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View Diary: The Next Big Thing (why "all tech, all the time" fails us) (105 comments)

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  •  pico made me laugh. OK, it was a picochuckle. (5+ / 0-)
    Recommended by:
    pico, myboo, glitterscale, koNko, caul

    Say, isn't that one of them sciency like
    measurement words right below milli?

    Still right to the concise and critical point.
    And notice that we are still interacting, for
    the most part, with a human technology
    that disenfranchised those who would or
    could not successfully adopt and wield it.

    I gather this storiest is not ambivalent about
    the benefits and wisdom that can be imparted
    via the magical process of the printed word,
    even if they are rendered in the somewhat suspect
    digital and electronic formats.

    All of this new stuff is coming faster and faster.
    Since the stone age gave way to the bronze age,
    technology has influenced human society,
    and not always for the better. I do think the arc
    of progress, when judged rationally from a
    statistical viewpoint, which carries its own bias,
    bends towards greater justice, liberty, and prosperity.
    See Pinker, or Johnson, or even E O Wilson.

    Unless I am mistaken, one can, if one so chooses,
    adopt a lifestyle, or faith even, that eschews almost
    all of the 19th and 20th centuries advances. Or go
    to live with newly discovered prehistoric indigenous,
    or at least the few that have not already been affected
    by all of our previous efforts of 'discovery' and 'education'.
    Is it because these are seen as not rational choices
    for the majority they are neglected, save for academia?

    My biggest critique of our education system, other than
    its patently unequal financing arrangements, is that it
    totally resembles the factories of the early and mid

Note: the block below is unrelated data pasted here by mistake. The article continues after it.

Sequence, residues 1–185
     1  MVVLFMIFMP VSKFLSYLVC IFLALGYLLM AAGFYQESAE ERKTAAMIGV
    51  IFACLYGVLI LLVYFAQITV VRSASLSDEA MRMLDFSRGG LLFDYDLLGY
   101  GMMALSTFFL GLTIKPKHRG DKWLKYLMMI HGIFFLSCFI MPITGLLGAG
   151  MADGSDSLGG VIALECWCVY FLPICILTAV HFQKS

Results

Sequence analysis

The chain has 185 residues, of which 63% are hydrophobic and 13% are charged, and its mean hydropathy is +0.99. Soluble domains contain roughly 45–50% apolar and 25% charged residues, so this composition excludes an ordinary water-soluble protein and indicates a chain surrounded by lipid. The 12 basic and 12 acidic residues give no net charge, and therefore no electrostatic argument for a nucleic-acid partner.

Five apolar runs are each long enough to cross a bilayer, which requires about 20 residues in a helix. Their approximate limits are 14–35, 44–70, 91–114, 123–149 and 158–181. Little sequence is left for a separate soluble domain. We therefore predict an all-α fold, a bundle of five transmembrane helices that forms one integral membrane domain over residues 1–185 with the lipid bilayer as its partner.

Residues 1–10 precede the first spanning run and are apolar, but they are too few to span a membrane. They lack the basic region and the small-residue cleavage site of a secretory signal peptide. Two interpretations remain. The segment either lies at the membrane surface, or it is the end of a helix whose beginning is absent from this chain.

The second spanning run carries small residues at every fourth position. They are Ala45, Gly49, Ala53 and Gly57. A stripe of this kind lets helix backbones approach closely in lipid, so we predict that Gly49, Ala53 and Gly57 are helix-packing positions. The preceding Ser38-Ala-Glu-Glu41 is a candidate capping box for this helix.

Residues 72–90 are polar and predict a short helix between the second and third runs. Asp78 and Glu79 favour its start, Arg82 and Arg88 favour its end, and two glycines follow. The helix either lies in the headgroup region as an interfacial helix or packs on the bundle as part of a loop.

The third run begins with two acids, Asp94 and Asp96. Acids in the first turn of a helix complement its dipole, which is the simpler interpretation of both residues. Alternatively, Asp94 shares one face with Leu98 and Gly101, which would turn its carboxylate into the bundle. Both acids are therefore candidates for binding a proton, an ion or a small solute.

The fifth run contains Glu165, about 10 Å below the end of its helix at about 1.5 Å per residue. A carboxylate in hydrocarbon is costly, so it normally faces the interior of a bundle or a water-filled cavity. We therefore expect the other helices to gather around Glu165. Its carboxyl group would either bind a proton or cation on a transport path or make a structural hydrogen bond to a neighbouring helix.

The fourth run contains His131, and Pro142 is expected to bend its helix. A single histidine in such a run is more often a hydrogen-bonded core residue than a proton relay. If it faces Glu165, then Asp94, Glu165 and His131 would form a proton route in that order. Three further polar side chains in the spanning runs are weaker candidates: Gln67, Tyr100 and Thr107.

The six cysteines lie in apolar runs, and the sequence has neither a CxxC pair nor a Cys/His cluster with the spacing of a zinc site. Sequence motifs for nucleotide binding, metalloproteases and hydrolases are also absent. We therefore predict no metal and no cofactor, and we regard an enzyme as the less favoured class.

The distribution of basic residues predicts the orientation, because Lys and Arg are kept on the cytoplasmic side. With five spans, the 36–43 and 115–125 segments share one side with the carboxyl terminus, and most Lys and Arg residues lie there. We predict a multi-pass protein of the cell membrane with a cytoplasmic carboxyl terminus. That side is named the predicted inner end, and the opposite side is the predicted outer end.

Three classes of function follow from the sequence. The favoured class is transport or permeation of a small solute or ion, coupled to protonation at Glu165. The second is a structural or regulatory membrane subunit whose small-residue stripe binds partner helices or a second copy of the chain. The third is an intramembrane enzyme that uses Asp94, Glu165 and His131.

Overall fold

last century, which is only natural as that what was
    needed by those who designed and implemented it.
    It seemed to work out somewhat for quite a few in its day.

    I understand that there are manifold social and probably
    psychological impacts of this brave new world, but I see
    little difference between watching an engaging master
    instructing me personally via video or bits or even in a book.
    Now, will I fully understand and comprehend the
    significance of such dialogues? Can anyone explain the
    "King James" section of Joyce's Ulysses as narrative?
    Do those with poor literacy skills sign legal documents
    they do not fully understand? Are they exploited
    by those who are very aware of and encourage such?

    I think this author missed a great opportunity to help
    mold and shape what certainly will be coming in the
    very near future. It's OK, There are those who will
    see a virtual school or university as necessary and
    hopefully guide its implementation with love and humanity.

    The master/apprentice model is still alive and well, as it
    mimics the basic human relationships found in families,
    tribes, and clans, which were the sole progenitors of
    knowledge, morality, and wisdom, until fairly recently,
    when widespread education in reading became common place.
    Perhaps we can do a 'mash up' of sorts?

    It is difficult to reconcile the past with the present,
    all with an eye for might be coming next.
    I write this as someone who is a product of the very
    industrialized public school system, which I probably
    did not thrive in, for various reasons, who has had
    to become an autodidact, like most, out of necessity.
    Technology has impacted our careers and avocations,
    and our lives so much that it makes me dizzy just to consider it.

    But I then remember that my maternal grandmother, who
    was a young and strong peasant woman and a literal
    beast of burden, somehow found in herself the courage
    and will to leave her home, and immigrate to this land.
    She witnessed the industrial revolution first hand.
    She lived a very long life and had the usual agrarian huge family,
    but she never really, learned to read English so well,
    though I do not doubt of her ability to have done so,
    had the social and economic environments permitted.
    She was a very good person, but there was so much
    of modernity she did not understand or appreciate.
    Going from being an indentured servant hitched to a
    plow to witnessing space travel, this is understandable.

    I welcome the next steps for our young
    in their journeys towards progress and growth.
    I wish them Godspeed when I can join them no longer.

    Thanks for all of your efforts.

     

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